Did Hillary Clinton’s Emails Get an Undercover Agent Killed?


This past week Iran announced that they had indeed executed nuclear scientist Shahram Amiri. Amiri likely defected to the United States in 2009 but eventually (for reasons unknown to the public) wanted to return to Iran. Amiri began making public statements that he had been kidnapped by the American and Saudi governments and that he was being held against his will in the United States. It caused a bit of an international incident and some slight embarrassment for the Obama administration. However, it appears likely that his protestations were merely for dramatic effect because he wanted to return to Iran without being punished for his defection.

Amiri was returned to Iran in 2010 and was welcomed back to much pomp and circumstance. He was greeted as a hero returning from the clutches of an evil villain, but that warm welcome was short-lived. He soon disappeared.

Last year his family said that they believed he was serving a 10-year sentence in a secret prison, but today we know that they were wrong. Amiri had been found guilty of a capital crime and the sentence has been carried out.

While the story is one that should embarrass American officials, it should outrage every American. Not because a spy was captured and killed but because of how it may have happened.

You see, Amiri was unmasked as a spy in the leaked Clinton emails. We have no way to know for sure if the Iranians learned Amiri was a spy because of Hillary’s terrible security… but we do know they most certainly could have. Had anti-American forces gotten Clinton’s emails they could have sold (or given) this information to Iran in an effort to embarrass or hurt our cause.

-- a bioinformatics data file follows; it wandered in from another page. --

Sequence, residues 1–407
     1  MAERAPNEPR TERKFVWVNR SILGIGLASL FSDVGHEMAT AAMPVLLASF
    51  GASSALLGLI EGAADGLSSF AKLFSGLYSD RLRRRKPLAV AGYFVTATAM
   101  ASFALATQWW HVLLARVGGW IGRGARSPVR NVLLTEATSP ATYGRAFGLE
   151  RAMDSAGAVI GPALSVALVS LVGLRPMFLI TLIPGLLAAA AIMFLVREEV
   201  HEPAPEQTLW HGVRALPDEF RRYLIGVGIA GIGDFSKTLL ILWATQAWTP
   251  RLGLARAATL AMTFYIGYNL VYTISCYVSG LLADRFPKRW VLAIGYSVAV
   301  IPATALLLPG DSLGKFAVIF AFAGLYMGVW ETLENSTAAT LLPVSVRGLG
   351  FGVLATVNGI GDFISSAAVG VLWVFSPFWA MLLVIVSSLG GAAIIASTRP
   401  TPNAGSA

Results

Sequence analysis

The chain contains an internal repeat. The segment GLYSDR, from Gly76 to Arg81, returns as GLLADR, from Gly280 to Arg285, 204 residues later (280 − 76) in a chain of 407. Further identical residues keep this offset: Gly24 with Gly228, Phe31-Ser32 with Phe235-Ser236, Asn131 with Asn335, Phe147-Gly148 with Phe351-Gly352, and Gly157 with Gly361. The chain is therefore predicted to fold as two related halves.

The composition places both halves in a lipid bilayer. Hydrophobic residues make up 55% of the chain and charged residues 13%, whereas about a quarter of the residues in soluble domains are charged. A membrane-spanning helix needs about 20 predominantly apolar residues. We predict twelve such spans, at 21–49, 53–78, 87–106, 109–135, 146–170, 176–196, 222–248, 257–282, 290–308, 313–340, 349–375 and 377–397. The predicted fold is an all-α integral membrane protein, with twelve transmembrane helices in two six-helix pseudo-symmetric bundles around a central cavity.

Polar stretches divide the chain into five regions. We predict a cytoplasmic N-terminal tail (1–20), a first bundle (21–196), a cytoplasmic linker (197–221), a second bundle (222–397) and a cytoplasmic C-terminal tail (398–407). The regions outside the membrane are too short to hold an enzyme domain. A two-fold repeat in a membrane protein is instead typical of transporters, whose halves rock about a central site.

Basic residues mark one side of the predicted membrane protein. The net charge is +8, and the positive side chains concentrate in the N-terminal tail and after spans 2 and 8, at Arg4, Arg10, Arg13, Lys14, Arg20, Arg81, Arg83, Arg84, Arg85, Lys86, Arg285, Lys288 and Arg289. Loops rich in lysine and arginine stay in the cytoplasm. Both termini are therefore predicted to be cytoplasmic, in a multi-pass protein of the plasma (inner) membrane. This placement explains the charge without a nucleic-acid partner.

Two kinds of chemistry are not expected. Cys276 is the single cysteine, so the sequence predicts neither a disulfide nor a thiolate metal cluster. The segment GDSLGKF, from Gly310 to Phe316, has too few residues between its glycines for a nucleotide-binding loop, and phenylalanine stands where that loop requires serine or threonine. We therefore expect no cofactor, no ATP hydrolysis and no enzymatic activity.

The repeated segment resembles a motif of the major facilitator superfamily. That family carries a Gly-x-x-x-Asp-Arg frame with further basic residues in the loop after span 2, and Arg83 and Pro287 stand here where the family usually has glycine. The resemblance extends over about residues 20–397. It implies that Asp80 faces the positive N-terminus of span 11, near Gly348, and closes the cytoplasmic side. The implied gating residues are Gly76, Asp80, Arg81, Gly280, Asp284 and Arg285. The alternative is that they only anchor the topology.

An email forwarded to Clinton by senior adviser Jake Sullivan on July 5, 2010 — just nine days before Amiri returned to Tehran — appears to reference the scientist.

We have a diplomatic, ‘psychological’ issue, not a legal one. Our friend has to be given a way out,” the email by Richard Morningstar, a former State Department special envoy for Eurasian energy, read. “Our person won’t be able to do anything anyway. If he has to leave, so be it.

Another email, sent by Sullivan on July 12, 2010, appears to obliquely refer to the scientist just hours before his appearance at the Pakistani Embassy became widely known.

The gentleman … has apparently gone to his country’s interests section because he is unhappy with how much time it has taken to facilitate his departure,” Sullivan wrote. “This could lead to problematic news stories in the next 24 hours.”

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